• Tougher Rotation.  Is it just me, or are our Big Three starting to feel like grizzled veterans?  Forget Millwood -- any of those three is capable of stealing an ERA title.  Byrd is not as good as Millwood, but the difference is not as great as you might think.  Johnson is a step up from Elarton.  As for injury risks -- what exactly is the risk?  That we might have to throw one of our incredibly talented and totally ripened prospects in there?  This rotation is capable of being the best in the division.
  • Improved Bullpen.  Don't believe it?  Relievers are incredibly volatile -- because they pitch so few innings, it's hard to figure out who's really good and who ain't, so teams fluctuate wildly from year to year.  But one of the few consistent things you can plan around is strikeouts -- get relievers who pile up strikeouts, and you should be okay.  Did you know that Shapiro got rid of two of our worst relievers in terms of strikeouts -- Riske and Howry -- and replaced them with two strikeout machines -- Mota and Cabrera? A healthy Matt Miller will also help.
  • Great Closer.  I know, I know.  Nobody gives big fat Bob Wickman any damned respect.  But how many closers consistently get the save in about 90 percent of their chances, year after year after year?  I'll tell you how many:  Four.  And Bob Wickman is one of him.  So show him a a little damned respect.  It's true that he allowed way too many baserunners last season and seemed to luck out of three jams a week.  But have you looked at his second-half numbers?  The 25-7 K/BB in 29 innings?  The 2.17 ERA?  It's true that a 37-year-old can go at any time.  But Bob is a much better closer than you think.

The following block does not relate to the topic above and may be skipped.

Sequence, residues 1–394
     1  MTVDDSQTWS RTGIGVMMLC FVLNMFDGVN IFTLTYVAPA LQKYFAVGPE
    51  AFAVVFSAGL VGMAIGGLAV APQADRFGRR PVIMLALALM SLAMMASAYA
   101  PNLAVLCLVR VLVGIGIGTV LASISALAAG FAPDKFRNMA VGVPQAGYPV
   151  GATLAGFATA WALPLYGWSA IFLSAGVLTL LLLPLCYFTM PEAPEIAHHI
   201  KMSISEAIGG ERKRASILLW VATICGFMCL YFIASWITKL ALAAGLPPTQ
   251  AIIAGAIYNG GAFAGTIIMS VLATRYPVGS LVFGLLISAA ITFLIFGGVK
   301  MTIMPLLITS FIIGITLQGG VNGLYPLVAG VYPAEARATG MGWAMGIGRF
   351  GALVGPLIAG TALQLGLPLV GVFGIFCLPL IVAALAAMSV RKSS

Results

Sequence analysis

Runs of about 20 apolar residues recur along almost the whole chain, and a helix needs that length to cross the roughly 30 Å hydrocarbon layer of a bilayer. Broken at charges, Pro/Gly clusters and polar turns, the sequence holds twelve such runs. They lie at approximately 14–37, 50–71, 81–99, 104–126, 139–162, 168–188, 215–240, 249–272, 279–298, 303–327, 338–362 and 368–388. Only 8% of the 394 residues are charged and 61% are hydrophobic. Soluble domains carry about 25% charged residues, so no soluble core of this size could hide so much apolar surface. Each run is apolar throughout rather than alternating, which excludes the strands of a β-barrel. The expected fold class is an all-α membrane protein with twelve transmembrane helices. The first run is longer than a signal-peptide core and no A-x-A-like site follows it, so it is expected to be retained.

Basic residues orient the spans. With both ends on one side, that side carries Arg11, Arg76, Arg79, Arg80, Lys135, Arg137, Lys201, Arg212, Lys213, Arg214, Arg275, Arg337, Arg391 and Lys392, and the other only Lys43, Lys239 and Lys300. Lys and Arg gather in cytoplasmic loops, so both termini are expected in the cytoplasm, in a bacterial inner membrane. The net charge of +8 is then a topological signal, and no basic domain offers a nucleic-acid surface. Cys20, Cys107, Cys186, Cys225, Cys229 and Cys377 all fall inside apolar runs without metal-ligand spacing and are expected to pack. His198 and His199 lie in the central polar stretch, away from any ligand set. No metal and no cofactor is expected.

• No Holes.   The Killer B's were bad last year ... but not horrible.  Our competition has several horrible hitters.  We don't have any.  And at our most suspect positions, we have true power hitters ready to step in.  Boone has Marte, and in a way Belliard also has Marte.  Blake has Dubois and Mulhern.  Broussard has Perez, Mulhern and Garko.  We are going to have a tough lineup, one through nine, one way or another.